I’m recovering from having surgery on my brain. This is what happened…

Well I told you I was ill…or so said Spike Milligan’s famous epitaph – and I did go around telling everyone I was ill, I just had no idea exactly how unwell I was…

LEFT: Me, seven days post-op. Right: Me, Three weeks post-op


Six weeks ago I took some time off with a pain in my big toe which was making me feel nauseous. The doctors suspected it was gout due to me living through lockdown like Henry VIII. Instead of getting better, things got worse, I began to shuffle like a very old man when I walked, I could not concentrate and felt sick. Eventually, despite trying to fight these problems with treatment for an inflamed toe and regular walks, I collapsed in the kitchen making my kids’ packed lunch for school. I finally got a face-to-face meeting with my doctor, which has been easier said than done in Lockdown Leicester, despite things opening up lately. 


The GP identified immediately that my brain was experiencing some kind of trauma and I was taken to the Royal Infirmary. A CT scan subsequently revealed hydrocephalus on my brain and I was taken by ambulance to the neurology unit Queen’s Medical Centre, Nottingham. By this time I was unready feeling very unwell, so it gets a bit sketchy. I was admitted on Monday July 12 – which was the day I should’ve been going for a family holiday in Boscombe, near Bournemouth. I settled on to the ward and tried to sleep. The next day I had an MRI scan, followed by a discussion with a consultant about the result. I was told I had a colloid cyst on my brain which had grown so big it was blocking the flow of fluid away from my brain. As a result, fluid was backing up and putting pressure on my brain, affecting how I walked, my speech and giving me headaches. The neurologist told me the risks of the operation, part of a conversation that started by explaining that if I did nothing I wouldn’t be around much longer… All brain surgery carries risks, but I was so unwell I knew I had to take the treatment and hope for the best. There is so much I could say about weighing up the risks, but ultimately I knew I was in a bad way and the operation was the only way. I tried not to think about a negative outcome. I’m happily married with twin 12-year-old boys. I just felt I had to get well again and put my faith in the team at the QMC.

I had the operation on Wednesday July 14 in the early afternoon. By the evening I was on a recovery ward, full of morphine, woozy and owning an incredibly sore head – see the picture below if you can stomach it…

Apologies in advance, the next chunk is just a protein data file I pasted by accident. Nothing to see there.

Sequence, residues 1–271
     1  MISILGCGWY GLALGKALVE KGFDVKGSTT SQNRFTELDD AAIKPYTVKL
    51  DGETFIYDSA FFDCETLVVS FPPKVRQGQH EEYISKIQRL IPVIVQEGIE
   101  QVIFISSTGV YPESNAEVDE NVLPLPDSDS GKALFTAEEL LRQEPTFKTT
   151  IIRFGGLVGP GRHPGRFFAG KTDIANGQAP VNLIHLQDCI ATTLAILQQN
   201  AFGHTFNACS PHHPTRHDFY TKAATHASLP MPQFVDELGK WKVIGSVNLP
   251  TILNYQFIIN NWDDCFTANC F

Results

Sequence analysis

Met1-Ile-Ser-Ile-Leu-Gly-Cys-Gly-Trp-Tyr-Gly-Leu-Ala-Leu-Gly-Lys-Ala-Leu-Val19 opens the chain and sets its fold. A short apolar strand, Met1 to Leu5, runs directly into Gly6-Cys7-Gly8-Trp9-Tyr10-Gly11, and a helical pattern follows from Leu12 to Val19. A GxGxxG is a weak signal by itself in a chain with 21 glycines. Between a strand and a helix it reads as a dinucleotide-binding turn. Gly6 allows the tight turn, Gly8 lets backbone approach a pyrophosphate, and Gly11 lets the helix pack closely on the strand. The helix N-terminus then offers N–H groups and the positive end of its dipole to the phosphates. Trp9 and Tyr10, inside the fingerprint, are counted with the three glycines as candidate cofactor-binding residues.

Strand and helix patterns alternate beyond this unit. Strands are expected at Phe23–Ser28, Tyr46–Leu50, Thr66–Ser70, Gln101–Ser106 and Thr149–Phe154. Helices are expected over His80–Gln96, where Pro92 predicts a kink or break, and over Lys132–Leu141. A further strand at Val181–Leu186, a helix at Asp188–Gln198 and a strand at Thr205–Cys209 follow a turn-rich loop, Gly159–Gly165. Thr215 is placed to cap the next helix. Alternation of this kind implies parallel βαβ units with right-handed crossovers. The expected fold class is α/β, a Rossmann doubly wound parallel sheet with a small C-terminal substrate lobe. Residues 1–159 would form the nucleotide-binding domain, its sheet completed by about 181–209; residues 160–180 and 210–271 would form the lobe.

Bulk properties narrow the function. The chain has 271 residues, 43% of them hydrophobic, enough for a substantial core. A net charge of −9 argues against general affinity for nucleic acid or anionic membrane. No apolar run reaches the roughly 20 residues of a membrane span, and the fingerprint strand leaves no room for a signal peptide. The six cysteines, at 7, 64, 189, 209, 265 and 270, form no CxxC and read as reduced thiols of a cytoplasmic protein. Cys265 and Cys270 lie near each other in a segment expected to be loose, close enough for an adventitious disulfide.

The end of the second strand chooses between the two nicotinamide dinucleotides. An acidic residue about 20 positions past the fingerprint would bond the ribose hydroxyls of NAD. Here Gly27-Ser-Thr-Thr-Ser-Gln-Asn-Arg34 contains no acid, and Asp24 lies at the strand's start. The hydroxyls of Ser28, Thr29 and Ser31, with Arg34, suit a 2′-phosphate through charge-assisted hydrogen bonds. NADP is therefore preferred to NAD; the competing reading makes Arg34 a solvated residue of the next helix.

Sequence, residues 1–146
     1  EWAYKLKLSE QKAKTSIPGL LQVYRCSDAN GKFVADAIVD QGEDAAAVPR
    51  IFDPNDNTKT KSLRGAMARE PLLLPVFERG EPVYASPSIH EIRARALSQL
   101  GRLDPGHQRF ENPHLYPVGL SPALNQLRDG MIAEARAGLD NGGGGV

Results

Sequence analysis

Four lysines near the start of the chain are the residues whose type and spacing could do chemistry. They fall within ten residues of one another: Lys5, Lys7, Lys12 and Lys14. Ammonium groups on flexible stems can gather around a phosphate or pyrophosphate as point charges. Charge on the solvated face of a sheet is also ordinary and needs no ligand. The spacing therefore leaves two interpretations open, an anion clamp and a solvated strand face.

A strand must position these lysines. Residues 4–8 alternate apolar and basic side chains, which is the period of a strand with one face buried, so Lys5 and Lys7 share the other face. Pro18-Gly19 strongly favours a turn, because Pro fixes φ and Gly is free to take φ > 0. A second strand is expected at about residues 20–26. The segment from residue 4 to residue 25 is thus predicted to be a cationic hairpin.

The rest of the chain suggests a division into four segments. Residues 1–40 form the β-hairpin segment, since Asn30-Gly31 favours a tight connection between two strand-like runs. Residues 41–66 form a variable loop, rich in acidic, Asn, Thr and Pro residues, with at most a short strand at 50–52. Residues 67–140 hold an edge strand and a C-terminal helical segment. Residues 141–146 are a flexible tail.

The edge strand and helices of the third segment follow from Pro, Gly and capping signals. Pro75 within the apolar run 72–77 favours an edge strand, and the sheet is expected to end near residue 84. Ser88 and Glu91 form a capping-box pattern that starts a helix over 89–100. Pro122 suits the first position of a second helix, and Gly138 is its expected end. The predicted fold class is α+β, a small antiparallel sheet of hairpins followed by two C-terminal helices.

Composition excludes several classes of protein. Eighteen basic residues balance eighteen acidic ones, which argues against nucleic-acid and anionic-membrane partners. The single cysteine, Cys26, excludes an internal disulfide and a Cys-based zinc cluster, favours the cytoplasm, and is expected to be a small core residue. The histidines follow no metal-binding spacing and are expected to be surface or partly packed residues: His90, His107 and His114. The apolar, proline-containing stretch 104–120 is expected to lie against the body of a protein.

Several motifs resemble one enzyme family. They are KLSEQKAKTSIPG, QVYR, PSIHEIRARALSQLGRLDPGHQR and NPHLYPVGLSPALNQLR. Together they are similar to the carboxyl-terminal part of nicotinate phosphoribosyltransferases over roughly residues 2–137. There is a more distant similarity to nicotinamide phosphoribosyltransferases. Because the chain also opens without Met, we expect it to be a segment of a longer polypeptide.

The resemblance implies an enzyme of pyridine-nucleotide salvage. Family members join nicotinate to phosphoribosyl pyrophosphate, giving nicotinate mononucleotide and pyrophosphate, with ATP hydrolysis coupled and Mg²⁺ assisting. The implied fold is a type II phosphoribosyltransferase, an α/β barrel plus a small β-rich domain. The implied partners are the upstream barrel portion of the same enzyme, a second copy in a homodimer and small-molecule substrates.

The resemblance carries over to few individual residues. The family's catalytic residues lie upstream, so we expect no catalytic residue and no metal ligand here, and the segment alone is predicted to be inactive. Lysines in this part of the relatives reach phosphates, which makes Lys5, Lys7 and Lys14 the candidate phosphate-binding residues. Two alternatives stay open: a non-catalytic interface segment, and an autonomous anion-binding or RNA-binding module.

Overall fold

After the operation, I spoke briefly to Sara, my wife. I have no idea what I said. I was able to walk to the bathroom at 4am – aided by a nurse. When I had arrived by ambulance 48 hours before, I could barely walk at all. That moment was a turning point, and from there I felt I was going to be ok. I was on the ward over the weekend and took another MRI scan to check the results of my operation. I was discharged to recover at home on Monday afternoon, with some paracetamol for a sore head and some antibiotics for pneumonia I contracted in surgery. Home in just seven days from being admitted. I thought that was incredible.

Since then I have been getting stronger every day. I’ve lost two stone in weight (which I see as a positive side effect). I’m walking well every day, but get tired very quickly.  It will probably take six months to be fully back on my feet and where I was before all this started. There will be no boozy nights out for a while, no gym/running for months and I’ve had my driving licence suspended until January 2022. That’s ok, we are used to lockdown in Leicester. My wife, Sara, and my boys, George and Joseph, have been incredible throughout this. Friends and work colleagues have been great and given me so much encouragement. Some have made me coffee in their gardens, taken me down to Braunstone Gate for a chat or met in the park. This has been really good for me. Thanks too to the members of Hertha Berlin UK Fan Club for the constant updates and goodwill. My memory, especially my short term memory, which was at risk, appears to be working. I know I have a long way to go, but I’m starting from a good place.


I finally got a holiday with my family too. I know I’ve really disrupted their summer (and the next few months) and watching me go through this has been emotionally draining, stressful, on top of being hard work for them. Paddling in the sea with my wife and boys was the greatest feeling. I have a lot of perspective on things that perhaps I did not have, or care to have, before. 

This is a long story cut short of course, but I really wanted to share my experience, test my brain with a little writing and praise the Neurology team at QMU from the senior consultants with their surgical wizardry to the many staff on the wards doing all kinds of jobs who show so much care.

Hopefully I’ll give you the longer version when I see you next…

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